I just want to make sure they have that gear to know that they need to be looking at this as a B2C game, versus the B2B game that is PR. – eastcountytoday says, “Gary, love the iTunes touch. When was the moment you knew you would be okay when starting your company?” – East County, right? That’s a little bone thugs reference to episode, I can’t remember. East county, the moment I knew that I was gonna make it was the first day I walked into my dad’s liquor store. And the reason I decided to answer this question and trying to find value for everybody watching other than me bragging about that I had the bravado from day one was, the notion of not even worrying about that moment.
Meaning, one of the biggest things that I’m trying to teach, I’m turning a lot today. One of the things I’m trying to teach all my management here at VaynerMedia, and all my founders in my start-up investments and my co-founders in companies that had meeting with my co-founders at Resy last night, the number one thing I keep telling everybody is to not worry about the things that don’t matter.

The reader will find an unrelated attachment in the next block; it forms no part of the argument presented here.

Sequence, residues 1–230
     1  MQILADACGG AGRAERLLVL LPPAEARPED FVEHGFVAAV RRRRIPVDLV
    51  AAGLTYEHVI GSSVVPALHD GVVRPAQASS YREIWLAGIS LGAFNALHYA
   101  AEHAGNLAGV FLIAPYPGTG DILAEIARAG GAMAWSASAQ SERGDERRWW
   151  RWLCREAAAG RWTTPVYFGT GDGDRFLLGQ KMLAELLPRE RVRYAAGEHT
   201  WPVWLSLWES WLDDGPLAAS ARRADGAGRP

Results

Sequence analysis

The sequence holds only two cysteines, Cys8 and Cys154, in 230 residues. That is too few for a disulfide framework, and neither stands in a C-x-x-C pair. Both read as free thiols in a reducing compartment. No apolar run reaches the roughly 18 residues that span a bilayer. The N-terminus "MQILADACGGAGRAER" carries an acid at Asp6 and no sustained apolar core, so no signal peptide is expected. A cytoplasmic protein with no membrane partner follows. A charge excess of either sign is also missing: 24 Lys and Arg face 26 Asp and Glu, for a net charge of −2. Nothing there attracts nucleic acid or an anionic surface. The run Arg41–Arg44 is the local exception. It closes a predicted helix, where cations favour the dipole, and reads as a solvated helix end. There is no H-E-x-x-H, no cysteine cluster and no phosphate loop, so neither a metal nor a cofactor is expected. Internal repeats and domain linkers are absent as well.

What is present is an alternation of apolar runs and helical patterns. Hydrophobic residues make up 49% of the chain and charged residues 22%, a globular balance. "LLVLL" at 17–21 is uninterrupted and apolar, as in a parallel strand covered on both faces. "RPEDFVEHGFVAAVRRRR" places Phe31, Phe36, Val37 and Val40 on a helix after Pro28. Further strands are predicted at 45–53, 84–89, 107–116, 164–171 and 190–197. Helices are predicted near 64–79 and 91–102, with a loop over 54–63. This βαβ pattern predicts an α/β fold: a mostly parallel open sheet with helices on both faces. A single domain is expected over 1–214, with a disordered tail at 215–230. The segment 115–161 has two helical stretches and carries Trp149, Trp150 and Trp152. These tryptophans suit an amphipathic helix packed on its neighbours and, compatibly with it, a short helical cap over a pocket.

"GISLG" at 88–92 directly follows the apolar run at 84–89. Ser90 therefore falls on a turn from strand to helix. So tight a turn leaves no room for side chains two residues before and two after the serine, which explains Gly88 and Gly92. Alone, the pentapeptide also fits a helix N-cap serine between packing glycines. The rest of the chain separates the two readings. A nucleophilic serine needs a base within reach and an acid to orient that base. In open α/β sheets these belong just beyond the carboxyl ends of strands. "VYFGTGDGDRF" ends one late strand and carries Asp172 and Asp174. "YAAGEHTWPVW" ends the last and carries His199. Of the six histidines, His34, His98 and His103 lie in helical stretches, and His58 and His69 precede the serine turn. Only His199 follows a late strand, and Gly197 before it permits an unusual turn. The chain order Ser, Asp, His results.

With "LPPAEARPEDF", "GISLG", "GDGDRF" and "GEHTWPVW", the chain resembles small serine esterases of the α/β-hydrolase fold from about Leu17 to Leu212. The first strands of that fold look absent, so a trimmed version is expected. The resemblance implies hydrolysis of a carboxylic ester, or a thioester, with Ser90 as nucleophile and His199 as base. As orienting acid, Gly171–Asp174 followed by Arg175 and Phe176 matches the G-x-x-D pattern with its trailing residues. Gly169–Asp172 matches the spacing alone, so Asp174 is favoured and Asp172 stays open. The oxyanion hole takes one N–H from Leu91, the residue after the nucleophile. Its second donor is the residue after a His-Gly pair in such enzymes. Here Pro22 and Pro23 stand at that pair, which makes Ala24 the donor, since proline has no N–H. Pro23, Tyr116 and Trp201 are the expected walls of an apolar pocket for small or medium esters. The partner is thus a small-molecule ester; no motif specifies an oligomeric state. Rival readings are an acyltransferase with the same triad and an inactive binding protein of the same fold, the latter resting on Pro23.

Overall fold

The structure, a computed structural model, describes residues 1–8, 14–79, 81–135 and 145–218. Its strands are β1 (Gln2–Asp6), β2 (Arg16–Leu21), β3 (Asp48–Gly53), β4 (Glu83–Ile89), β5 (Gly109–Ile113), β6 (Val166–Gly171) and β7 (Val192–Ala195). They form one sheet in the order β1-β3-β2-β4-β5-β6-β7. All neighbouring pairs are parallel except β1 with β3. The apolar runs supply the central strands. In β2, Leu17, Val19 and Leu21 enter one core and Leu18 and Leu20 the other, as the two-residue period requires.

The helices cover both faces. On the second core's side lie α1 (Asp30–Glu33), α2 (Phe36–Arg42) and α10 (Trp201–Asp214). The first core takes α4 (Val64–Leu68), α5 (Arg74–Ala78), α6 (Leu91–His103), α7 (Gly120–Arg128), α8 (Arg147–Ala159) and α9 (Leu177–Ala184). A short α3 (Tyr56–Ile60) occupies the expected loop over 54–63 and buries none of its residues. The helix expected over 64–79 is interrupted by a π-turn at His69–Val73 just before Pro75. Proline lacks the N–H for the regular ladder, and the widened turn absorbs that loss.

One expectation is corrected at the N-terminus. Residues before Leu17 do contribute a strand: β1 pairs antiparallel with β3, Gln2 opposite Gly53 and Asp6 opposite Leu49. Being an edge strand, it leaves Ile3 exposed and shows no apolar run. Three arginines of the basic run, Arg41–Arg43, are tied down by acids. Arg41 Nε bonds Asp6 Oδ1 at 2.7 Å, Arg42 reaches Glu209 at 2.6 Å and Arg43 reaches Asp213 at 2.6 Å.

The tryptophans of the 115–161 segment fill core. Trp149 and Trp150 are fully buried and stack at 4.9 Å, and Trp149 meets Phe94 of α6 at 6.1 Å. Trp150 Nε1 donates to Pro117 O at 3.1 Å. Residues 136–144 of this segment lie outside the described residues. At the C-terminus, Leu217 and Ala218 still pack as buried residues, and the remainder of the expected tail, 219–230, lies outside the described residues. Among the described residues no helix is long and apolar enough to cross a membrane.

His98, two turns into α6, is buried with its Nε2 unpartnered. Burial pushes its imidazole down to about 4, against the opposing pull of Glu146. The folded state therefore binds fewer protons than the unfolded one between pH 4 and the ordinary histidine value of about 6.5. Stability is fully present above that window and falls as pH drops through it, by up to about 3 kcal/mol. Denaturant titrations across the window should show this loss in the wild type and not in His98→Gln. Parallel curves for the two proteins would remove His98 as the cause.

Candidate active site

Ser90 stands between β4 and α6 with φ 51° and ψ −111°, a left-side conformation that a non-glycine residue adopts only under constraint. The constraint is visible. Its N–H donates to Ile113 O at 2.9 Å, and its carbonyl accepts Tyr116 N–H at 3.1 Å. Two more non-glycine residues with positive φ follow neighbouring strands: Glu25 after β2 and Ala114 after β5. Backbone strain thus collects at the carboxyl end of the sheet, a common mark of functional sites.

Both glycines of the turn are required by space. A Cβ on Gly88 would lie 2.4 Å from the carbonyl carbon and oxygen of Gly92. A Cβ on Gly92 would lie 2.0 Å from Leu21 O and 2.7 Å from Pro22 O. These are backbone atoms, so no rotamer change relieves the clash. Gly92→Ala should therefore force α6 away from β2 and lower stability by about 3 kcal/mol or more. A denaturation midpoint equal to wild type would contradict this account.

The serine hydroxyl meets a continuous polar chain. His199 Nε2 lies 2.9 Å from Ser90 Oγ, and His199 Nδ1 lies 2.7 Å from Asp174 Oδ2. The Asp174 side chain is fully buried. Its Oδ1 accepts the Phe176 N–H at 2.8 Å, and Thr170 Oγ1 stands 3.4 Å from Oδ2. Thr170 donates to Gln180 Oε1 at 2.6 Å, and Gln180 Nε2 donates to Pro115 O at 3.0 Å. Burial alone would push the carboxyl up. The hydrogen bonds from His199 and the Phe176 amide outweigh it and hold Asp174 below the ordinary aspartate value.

Worrying about or trying to figure out, this is the moment when I made it, is something that I think cripples people, and I just don’t even think about those things. I could answer this question two ways, which are the two right ways, which is one: The moment I walked into my dad’s store, because I had that confidence, or I could answer the other way that’s equally as true, pulling on both sides like a bridge, which is, I haven’t made it yet.